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Court discharges, acquits Adeleke of exam malpractices allegation 


The Federal High Court, Abuja, presided over by Justice Inyang Ekwo, yesterday, discharged and acquitted a former governorship candidate of the Peoples Democratic Party (PDP) in Osun State, Senator Ademola Adeleke, of allegations of examination malpractices filed against him by the Police.

According to the News Agency of Nigeria (NAN), Justice Ekwo, in the ruling, said he was minded to discharge and acquit Adeleke in view of the prosecution’s decision to withdraw charges against the politician after it (prosecution) had called four witnesses.

The Judge said he relied on Section 108(3) of the Administration of Criminal Justice Act (ACJA) in making the order acquitting the politician, which states: “In any trial before a court in which the prosecutor withdraws in respect of the prosecution of an offence before the defendant is called upon to make his defence, the court may, in its discretion, order the defendant to be acquitted if it is satisfied, on the merits of the case, that the order is a proper one, and when an order of acquittal is made, the court shall endorse its reasons for making the order on the record.”


Adeleke was arraigned in late 2018 along with Sikiru Adeleke (said to be the senator’s relative), Alhaji Aregbesola Mufutau (the school principal), Gbadamosi Thomas Ojo (a school registrar) and Dare Samuel Olutope (a teacher).

Ademola and Sikiru were accused, in a four-count charge, of fraudulently, through personation, registering as students of Ojo-Aro Community Grammar School, Ojo-Aro in Osun State to enable them sit for the National Examinations Council (NECO) examination of June/July 2017.

The other three defendants were accused of aiding the commission of the alleged offence, in the charge filed in the name of the Inspector General of Police (IGP).

The prosecution amended the charge in December 2018 and raised the counts on the charge to seven, following which the defendants were re-arraigned on the amended charge on December 16, 2018.


The court, on May 6, last year, granted Adeleke’s permission to travel to the United States (US) on grounds of ill-health. Since then, Adeleke had not returned for the trial to continue, even though the prosecution had called four witnesses.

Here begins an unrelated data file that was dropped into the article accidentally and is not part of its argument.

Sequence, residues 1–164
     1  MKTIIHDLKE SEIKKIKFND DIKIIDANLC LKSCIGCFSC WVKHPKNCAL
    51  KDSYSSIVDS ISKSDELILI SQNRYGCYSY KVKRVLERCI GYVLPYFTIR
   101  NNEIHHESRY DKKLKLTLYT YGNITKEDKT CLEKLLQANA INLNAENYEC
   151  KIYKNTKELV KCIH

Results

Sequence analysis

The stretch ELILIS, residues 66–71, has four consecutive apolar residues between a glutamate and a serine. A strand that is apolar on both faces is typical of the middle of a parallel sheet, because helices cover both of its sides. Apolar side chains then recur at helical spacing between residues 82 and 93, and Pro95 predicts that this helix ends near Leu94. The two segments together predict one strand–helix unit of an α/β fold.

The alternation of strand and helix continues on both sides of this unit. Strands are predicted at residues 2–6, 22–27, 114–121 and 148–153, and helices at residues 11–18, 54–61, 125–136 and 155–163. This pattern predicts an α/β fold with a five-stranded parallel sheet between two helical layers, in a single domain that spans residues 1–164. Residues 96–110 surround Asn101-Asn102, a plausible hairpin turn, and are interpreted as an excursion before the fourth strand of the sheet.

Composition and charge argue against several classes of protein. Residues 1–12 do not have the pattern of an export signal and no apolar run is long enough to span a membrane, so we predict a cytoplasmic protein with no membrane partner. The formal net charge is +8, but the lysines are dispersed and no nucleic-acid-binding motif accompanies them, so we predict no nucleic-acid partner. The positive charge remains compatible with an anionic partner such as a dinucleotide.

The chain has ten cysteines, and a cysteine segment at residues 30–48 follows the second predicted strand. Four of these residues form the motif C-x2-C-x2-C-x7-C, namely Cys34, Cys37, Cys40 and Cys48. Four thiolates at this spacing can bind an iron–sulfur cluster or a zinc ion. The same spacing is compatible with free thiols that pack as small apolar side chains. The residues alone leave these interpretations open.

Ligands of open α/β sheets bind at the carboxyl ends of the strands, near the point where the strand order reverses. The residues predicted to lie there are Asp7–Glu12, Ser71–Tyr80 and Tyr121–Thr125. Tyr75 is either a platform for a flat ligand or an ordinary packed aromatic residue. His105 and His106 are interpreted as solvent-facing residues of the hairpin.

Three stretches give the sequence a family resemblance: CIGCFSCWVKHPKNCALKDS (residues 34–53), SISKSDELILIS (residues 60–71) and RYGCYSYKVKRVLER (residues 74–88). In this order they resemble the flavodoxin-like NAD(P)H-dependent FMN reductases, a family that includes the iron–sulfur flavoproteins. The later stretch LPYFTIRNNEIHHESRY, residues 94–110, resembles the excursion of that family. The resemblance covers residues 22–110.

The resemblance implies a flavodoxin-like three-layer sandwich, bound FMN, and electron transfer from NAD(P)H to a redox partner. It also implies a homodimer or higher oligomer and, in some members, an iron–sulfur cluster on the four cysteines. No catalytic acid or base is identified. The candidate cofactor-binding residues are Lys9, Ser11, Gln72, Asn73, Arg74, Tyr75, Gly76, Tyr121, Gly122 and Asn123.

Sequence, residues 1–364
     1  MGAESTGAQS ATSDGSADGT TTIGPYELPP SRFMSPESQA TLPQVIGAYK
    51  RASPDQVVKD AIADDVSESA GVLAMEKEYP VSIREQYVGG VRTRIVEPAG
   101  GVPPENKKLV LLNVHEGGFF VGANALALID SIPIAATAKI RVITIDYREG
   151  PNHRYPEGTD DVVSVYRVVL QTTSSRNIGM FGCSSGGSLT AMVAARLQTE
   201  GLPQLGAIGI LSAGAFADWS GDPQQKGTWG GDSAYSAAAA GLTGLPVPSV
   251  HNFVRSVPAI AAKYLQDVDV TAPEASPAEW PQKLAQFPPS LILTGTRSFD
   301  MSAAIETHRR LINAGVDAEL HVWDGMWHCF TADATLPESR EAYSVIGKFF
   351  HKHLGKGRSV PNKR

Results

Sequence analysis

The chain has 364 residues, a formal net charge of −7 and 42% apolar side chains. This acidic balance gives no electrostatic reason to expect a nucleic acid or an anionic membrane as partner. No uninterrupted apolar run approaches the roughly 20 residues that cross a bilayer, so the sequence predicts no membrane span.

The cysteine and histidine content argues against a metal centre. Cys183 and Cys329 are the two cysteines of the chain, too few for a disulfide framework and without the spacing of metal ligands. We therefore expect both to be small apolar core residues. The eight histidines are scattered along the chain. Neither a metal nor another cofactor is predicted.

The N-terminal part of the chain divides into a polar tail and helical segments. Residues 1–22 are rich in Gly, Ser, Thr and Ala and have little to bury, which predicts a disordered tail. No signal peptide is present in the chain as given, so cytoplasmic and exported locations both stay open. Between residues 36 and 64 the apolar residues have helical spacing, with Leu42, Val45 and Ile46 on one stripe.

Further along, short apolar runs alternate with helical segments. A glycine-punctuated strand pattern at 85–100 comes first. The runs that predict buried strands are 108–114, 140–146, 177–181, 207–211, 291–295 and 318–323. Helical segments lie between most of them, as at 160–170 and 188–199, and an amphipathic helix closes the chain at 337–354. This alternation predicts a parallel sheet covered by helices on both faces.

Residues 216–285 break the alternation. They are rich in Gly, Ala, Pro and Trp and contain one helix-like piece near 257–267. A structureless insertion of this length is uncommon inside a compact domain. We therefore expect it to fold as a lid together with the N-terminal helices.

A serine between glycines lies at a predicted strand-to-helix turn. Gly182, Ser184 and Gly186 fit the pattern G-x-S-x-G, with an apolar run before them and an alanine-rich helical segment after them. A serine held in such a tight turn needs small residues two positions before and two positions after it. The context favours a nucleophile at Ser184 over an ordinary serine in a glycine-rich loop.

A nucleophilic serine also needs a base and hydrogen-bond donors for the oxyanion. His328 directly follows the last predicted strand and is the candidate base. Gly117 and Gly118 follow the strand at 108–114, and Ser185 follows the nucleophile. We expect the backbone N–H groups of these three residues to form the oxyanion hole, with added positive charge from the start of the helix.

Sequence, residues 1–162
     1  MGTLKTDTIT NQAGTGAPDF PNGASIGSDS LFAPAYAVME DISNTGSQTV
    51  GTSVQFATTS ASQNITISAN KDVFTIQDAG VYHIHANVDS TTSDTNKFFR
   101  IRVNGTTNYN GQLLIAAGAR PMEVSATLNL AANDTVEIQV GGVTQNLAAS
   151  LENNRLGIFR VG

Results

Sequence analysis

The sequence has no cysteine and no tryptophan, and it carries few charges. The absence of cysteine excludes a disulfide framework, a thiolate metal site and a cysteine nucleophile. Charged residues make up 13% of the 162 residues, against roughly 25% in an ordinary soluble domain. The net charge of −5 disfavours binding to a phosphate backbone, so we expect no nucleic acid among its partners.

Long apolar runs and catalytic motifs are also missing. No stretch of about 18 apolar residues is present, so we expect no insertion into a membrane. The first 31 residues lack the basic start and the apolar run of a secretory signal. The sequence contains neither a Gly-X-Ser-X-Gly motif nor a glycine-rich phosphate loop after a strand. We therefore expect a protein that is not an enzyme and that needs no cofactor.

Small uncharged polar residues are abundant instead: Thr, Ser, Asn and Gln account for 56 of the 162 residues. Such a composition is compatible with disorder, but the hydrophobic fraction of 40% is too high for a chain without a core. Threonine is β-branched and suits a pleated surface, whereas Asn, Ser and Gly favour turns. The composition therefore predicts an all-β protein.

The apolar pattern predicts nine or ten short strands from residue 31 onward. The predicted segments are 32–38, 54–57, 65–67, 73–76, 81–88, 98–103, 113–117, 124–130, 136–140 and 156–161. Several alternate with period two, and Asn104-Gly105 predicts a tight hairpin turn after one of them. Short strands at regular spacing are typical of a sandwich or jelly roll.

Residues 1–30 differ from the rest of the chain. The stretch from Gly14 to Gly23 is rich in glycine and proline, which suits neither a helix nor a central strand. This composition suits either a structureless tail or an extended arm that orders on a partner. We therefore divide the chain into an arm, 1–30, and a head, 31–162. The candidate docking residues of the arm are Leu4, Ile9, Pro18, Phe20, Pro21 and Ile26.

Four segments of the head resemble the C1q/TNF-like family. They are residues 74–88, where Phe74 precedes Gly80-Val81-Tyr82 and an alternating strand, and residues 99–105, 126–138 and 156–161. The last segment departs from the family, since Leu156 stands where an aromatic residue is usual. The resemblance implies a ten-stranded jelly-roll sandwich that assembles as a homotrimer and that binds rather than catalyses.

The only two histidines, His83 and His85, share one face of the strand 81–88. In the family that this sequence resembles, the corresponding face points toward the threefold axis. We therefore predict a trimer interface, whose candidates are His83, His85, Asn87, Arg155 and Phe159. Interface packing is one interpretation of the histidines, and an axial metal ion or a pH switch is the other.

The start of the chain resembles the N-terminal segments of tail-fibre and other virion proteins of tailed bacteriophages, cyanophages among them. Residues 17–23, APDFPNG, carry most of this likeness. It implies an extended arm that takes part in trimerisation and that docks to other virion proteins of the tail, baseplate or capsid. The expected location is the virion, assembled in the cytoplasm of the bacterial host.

But on Thursday, prosecution lawyer, Simon Lough, argued an application in which he sought to sever the charge to exclude Adeleke from the trial in view of his continued absence.

Lough said the only way to prevent further delay in the case was to continue with the trial of the other available four defendants, since Adeleke had stayed away from the country, claiming to be sick and attending to his health in the US.

Lawyer to Adeleke, Alex Izinyon (SAN) and other defence lawyers in the case did not object to the prosecution’s decision to amend the charge.

They, however, disagreed with the prosecution on the appropriate order to be made; whether Adeleke should be simply discharged based on the withdrawal of the charge against him or whether he should be discharged and acquitted.

In yesterday’s ruling, Justice Ekwo held that although the prosecution, by its application, sought to sever the charge, he would take its (prosecution’s) intention to mean withdrawal of the case against Adeleke.

The Judge said his decision was informed by the fact that no law allowed the prosecution to sever a charge, but to withdraw against a defendant and to amended at any time before judgment.

He noted that Section 108 of the ACJA allowed the prosecution to undertake a withdrawal of charges, while Section 246 of the Act dealt with the amendment of charge, adding: “The law is that the prosecution can amend the charge at any time before judgment.

“There would have been nothing wrong if the prosecution had simply applied to withdraw against the first defendant (Adeleke).

“I am seeing this application (the one argued on Thursday by the prosecution lawyer) as one that simply seeks to withdraw, and I so hold. This withdrawal is taking place after the prosecution has called four witnesses. And from the record of the court, the evidence of the prosecution witnesses were concluded.

“The consequential order to be made upon the withdrawal of a charge is at the discretion of the court under Section 108(3) of the ACJA.” 

The Judge held that since the prosecution sought to withdraw against the first defendant at this stage, he was of the view that the appropriate order to be made was that of acquittal because the evidence of the prosecution’s four witnesses had been concluded and the witnesses had been discharged.

He then made an order allowing the prosecution’s withdrawal of the charge against Adeleke and proceeded to make order acquitting him.

He then adjourned until June 25 for the continuation of the trial of the other defendants.


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